It also features the iconic H&K diopter sights (the little rotating drum you probably recognize most from the MP5) and unlike the C308, a standard 5/28 threaded barrel making it ready for suppressors out of the box.

Finally, you still have an absolutely atrocious trigger, but the rifle is overall more accurate than the C308. I’d be comfortable calling this a 2 MOA gun with mid-range ammo. To get better than that, you’ll probably want to invest in an aftermarket trigger if you can find one, or purchase one of PTR’s upgraded models.

For a battle rifle that’ll handle anything, it’s certainly not bad at all, and I’d feel good about having one to rely on in anything from home invasion to an alien invasion.

4. DS Arms SA58 FAL

FNH developed the Fusil Automatique Léger (Light Automatic Rifle) and would go on to be a competitor to the M14 (which we’ll get to in a minute) and the AR-10. During the Cold War, it was adopted by many NATO countries as their primary battle rifle, which is where it got the nickname “the right arm of the free world”.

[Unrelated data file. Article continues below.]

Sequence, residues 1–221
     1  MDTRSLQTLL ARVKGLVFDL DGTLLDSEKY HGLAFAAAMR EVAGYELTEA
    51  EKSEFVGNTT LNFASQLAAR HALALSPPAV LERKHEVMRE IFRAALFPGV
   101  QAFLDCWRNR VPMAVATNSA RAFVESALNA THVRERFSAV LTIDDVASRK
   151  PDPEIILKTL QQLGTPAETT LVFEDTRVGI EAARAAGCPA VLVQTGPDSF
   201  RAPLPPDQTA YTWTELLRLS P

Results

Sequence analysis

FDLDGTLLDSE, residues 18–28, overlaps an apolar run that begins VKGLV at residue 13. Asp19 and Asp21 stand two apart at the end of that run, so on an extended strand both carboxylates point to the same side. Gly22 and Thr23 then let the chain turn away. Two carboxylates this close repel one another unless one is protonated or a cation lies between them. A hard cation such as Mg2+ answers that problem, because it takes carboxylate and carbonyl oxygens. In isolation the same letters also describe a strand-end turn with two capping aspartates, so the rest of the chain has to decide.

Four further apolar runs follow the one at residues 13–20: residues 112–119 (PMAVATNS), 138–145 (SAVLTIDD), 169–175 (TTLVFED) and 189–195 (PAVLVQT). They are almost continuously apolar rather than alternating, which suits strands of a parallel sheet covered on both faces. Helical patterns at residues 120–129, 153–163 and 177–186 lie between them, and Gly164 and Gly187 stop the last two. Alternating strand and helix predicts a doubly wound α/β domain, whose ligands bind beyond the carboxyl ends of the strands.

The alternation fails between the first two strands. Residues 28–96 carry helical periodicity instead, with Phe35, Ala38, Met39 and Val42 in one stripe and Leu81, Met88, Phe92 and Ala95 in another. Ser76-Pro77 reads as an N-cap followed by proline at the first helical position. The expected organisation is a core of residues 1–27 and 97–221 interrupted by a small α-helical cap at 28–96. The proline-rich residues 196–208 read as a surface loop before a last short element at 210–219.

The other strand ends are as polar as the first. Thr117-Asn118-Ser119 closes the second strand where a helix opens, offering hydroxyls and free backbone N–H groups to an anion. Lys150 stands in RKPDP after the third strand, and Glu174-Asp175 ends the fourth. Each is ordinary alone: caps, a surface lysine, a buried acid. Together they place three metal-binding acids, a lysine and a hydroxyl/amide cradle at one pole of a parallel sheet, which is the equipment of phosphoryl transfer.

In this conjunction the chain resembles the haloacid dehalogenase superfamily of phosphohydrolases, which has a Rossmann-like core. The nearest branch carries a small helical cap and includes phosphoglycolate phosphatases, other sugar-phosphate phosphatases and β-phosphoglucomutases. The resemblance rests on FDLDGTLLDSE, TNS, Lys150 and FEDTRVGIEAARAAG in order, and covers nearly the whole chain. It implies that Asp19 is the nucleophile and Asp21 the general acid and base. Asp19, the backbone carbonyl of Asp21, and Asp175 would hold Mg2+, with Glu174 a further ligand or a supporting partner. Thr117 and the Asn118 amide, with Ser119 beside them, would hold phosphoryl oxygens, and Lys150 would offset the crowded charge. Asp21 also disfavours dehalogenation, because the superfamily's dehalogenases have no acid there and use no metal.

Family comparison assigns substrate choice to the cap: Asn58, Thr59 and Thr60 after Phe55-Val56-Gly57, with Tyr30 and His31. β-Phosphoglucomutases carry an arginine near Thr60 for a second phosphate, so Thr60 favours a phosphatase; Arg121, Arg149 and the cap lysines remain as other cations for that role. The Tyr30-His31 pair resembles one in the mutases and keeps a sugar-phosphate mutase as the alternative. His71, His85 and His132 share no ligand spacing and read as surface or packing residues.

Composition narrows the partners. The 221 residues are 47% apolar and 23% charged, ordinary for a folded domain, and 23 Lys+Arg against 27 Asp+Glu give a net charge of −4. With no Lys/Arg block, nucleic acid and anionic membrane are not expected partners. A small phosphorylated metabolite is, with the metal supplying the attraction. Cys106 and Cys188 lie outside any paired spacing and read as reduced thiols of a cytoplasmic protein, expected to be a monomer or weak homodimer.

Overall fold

1750 at Brownells

Prices accurate at time of writing

It uses a fantastic short-stroke, spring-assisted piston action that was very modern at the time, and is still relevant today, allowing the FAL to stand shoulder-to-shoulder with much newer firearms.

The FAL is one of the most battle-tested rifles on the planet, and the trigger is considerably better (usually) than most of the G3 options out there, and is going to be a little more accurate to boot.